Hello, sir. This is a very informative work to read.
I believe that the current concept of AI detectors is flawed, particularly in light of a recent study from Stanford University. The research, published in April under the title “GPT Detectors are Biased Against Non-Native English Writers,” revealed that these detectors erroneously classified 61.22% of English essays penned by non-native speakers as AI-generated. Meanwhile, the rate of false positives for essays written by 8th grade students in the U.S. was close to zero, suggesting a significant bias in the detectors.

It is my understanding that companies like Turnitin utilize machine learning to differentiate between human and AI-produced texts. Given my knowledge in the field, I presume that these detectors are searching for unique linguistic characteristics found only in AI output, such as perplexity, log probability, n-gram, and so forth. However, as the Stanford research points out, non-native speakers tend to have lower perplexity in their writing. This assertion has been further verified by their research assessing the perplexity of around 1,500 ML conference papers authored by scholars residing in non-English speaking countries.
To further validate this, I conducted a personal experiment using Turnitin’s AI detector, courtesy of some connections I have at universities in New Zealand. When I ran a 1999 educational essay that aimed to teach ESL students- written in simple English with low perplexity – through the detector, Turnitin classified it as 100% AI-generated. I also experimented by transforming the bullet points from my PowerPoint slides into an essay, merely adding some conjunctions. Surprisingly, Turnitin classified this text as 40% AI-generated. This is likely because the content is technical and exhibits low perplexity, as it simply conveys factual information (advantages/disadvantages and definitions).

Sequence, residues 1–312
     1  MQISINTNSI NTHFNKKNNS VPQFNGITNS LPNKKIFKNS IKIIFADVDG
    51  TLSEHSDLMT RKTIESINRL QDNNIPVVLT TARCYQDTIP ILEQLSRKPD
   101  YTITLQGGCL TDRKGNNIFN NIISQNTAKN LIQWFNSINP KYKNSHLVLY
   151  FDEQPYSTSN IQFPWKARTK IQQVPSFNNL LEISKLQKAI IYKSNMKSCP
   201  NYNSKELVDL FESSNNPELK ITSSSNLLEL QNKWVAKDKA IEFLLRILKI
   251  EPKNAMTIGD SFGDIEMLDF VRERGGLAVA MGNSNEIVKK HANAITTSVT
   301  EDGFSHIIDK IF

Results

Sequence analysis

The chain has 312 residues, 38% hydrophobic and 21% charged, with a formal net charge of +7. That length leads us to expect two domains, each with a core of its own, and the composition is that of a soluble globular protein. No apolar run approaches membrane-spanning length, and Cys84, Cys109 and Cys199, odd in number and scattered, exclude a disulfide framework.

Subsequently, I used GPT-4 to generate five essays based on my course materials from this semester, asking GPT-4 to rewrite them in the tone of the Financial Times, The Economist magazine, and McKinsey reports. Astonishingly, none of the essays was identified as AI-generated. I believe the high perplexity, lexical richness, and writing quality of these AI-generated essays (with extra prompts )are superior to what 95% of British writers can achieve.

I surmise that machine learning classifiers can only effectively separate human text from AI-generated text under default conditions. Consequently, they unintentionally penalize non-native speakers whose writing tends to have lower perplexity. I understand that staff members in higher education are in a panic. However, these so-called detectors, along with any policies that ban generative AI, can be compared to the Locomotive Act of 19th-century UK. This Act restricted the speed of cars to protect the interests of horse-drawn carriage operators. In retrospect, it seems almost comical.